Editorial: Hard to believe Rove will stay away

MetroWest Daily News

Republicans might have felt the ground shift under their feet Monday with the news that Karl Rove will resign as White House deputy chief of staff at the end of this month.

Praised by President Bush as the “architect'” of his 2000 and 2004 presidential campaigns, Rove has been in the background of Republican politics since 1973, when he was special assistant to Republican National Committee then-Chairman George H.W. Bush.

Rove has been tied to the political aspirations of the Bush family since that time but is best known for his role in the current Bush administration.

Controversy has followed Rove through the years.

He's suspected of leaking the name of CIA operative Valerie Plame to the press in an effort to discredit her husband, former Ambassador Joseph Wilson, assertions that we'd gone to war in Iraq using intelligence on weapons of mass destruction known to be flawed.

He's been linked by supposition to smear campaigns against Sen. John McCain, who challenged George W. Bush for the Republican nomination in the 2000 election, and Sen. John Kerry, the Democrat challenger for the presidency in 2004.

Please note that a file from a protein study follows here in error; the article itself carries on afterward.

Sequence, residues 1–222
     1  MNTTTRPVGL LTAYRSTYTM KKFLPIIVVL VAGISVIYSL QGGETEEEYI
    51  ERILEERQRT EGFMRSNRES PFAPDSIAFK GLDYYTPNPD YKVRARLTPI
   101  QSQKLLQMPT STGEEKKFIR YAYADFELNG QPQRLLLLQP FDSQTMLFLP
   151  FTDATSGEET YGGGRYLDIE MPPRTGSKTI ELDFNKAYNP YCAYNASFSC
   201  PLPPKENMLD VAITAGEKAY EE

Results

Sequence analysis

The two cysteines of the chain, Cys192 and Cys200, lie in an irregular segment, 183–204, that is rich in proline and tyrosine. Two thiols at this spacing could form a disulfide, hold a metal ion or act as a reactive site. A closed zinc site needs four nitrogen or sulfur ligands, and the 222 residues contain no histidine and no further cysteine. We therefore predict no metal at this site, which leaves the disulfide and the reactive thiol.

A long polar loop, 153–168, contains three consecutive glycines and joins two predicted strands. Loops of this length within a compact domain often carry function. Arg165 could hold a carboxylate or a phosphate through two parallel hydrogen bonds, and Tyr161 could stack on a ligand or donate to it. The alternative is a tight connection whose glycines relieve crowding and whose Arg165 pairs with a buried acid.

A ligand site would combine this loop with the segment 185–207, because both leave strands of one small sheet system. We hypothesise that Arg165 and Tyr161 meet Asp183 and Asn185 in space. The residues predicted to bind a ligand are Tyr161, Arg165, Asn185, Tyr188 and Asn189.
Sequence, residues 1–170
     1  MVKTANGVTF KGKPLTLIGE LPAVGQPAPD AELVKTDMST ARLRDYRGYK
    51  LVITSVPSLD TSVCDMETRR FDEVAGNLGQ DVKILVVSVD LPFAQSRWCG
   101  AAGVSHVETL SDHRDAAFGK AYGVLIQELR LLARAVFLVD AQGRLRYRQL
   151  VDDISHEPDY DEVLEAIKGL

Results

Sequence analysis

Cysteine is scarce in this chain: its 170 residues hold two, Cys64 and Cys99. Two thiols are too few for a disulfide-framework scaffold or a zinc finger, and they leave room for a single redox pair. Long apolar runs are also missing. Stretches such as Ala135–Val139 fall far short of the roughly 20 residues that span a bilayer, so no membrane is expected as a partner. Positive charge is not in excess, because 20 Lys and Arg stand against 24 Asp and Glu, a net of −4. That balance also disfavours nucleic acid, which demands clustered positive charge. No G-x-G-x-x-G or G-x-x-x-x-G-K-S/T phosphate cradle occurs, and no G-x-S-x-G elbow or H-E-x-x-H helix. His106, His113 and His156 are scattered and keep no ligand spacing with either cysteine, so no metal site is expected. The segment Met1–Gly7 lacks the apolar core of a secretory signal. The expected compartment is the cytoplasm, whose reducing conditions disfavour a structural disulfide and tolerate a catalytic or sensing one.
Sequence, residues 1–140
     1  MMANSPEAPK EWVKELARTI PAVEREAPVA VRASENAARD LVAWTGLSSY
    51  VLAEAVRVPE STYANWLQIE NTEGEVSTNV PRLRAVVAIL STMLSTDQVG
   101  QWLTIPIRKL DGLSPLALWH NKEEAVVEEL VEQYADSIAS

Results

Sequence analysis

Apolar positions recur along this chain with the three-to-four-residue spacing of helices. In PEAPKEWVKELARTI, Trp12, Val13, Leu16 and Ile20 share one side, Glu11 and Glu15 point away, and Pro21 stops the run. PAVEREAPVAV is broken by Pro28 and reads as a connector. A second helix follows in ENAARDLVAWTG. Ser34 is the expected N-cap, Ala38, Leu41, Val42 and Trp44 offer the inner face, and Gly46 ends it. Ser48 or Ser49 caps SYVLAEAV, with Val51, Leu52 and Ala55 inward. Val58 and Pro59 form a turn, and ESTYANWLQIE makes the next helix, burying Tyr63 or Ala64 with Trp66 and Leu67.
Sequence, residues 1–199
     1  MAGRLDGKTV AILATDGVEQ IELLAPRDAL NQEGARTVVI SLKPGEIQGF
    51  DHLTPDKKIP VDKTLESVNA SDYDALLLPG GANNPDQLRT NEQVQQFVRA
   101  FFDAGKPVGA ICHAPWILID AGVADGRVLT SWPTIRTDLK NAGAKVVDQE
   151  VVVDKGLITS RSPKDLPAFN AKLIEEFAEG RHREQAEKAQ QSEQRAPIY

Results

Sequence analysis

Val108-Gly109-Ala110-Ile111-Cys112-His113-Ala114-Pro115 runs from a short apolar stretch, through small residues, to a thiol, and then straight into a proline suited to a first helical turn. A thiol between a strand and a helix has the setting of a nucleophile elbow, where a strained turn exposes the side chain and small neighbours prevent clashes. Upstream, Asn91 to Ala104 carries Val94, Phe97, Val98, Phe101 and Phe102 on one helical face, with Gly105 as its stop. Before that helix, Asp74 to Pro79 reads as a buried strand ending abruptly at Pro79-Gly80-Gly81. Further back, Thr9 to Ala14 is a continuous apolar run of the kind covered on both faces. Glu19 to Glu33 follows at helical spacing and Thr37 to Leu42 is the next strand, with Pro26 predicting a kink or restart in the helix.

And he's used executive privilege, refusing congressional subpoenas to testify about that leak, and more recently, about the firing of U.S. attorneys.

Critics of the Bush administration describe Rove as the brains behind the Bush presidency, responsible for framing high-profile issues addressed by the administration. Some, such as the first-term tax cuts, were successful. Others, including immigration and Social Security reform, were not.

Rove says he is resigning for the sake of his wife and son, and he won't be involved in the 2008 presidential election. He said he plans to teach and write a book about the current Bush presidency.

Perhaps.

Some believe the Republican Party is resigned to defeat in the 2008 presidential election because of the unpopular war in Iraq. Rove believes otherwise.

In an interview with the Washington Post over the weekend, Rove predicted the war in Iraq will improve, Bush will regain his popularity, Democrats will nominate Sen. Hillary Rodman Clinton for the presidency, and a Republican nominee will defeat her.

Is it optimism, or does he have a plan for one of the eight Republican candidates hoping to win the White House in 2008? The coming months may tell.